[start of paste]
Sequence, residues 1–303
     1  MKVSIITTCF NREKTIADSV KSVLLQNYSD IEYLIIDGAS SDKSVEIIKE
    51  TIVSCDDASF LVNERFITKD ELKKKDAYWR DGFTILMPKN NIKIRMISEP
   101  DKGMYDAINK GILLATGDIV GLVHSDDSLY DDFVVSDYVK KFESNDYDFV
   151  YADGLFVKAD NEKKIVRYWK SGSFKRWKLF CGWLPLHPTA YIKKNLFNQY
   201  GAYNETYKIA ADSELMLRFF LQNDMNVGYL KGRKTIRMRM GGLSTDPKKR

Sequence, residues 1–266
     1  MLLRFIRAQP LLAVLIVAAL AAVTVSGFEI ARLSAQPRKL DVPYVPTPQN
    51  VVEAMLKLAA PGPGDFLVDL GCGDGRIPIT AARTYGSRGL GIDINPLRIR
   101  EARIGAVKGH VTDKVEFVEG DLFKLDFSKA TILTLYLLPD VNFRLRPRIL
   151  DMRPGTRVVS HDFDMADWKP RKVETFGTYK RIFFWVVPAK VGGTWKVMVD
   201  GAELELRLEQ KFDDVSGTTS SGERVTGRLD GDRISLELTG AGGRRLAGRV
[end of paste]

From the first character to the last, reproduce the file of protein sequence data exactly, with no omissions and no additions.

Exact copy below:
Sequence, residues 1–303
     1  MKVSIITTCF NREKTIADSV KSVLLQNYSD IEYLIIDGAS SDKSVEIIKE
    51  TIVSCDDASF LVNERFITKD ELKKKDAYWR DGFTILMPKN NIKIRMISEP
   101  DKGMYDAINK GILLATGDIV GLVHSDDSLY DDFVVSDYVK KFESNDYDFV
   151  YADGLFVKAD NEKKIVRYWK SGSFKRWKLF CGWLPLHPTA YIKKNLFNQY
   201  GAYNETYKIA ADSELMLRFF LQNDMNVGYL KGRKTIRMRM GGLSTDPKKR

Sequence, residues 1–266
     1  MLLRFIRAQP LLAVLIVAAL AAVTVSGFEI ARLSAQPRKL DVPYVPTPQN
    51  VVEAMLKLAA PGPGDFLVDL GCGDGRIPIT AARTYGSRGL GIDINPLRIR
   101  EARIGAVKGH VTDKVEFVEG DLFKLDFSKA TILTLYLLPD VNFRLRPRIL
   151  DMRPGTRVVS HDFDMADWKP RKVETFGTYK RIFFWVVPAK VGGTWKVMVD
   201  GAELELRLEQ KFDDVSGTTS SGERVTGRLD GDRISLELTG AGGRRLAGRV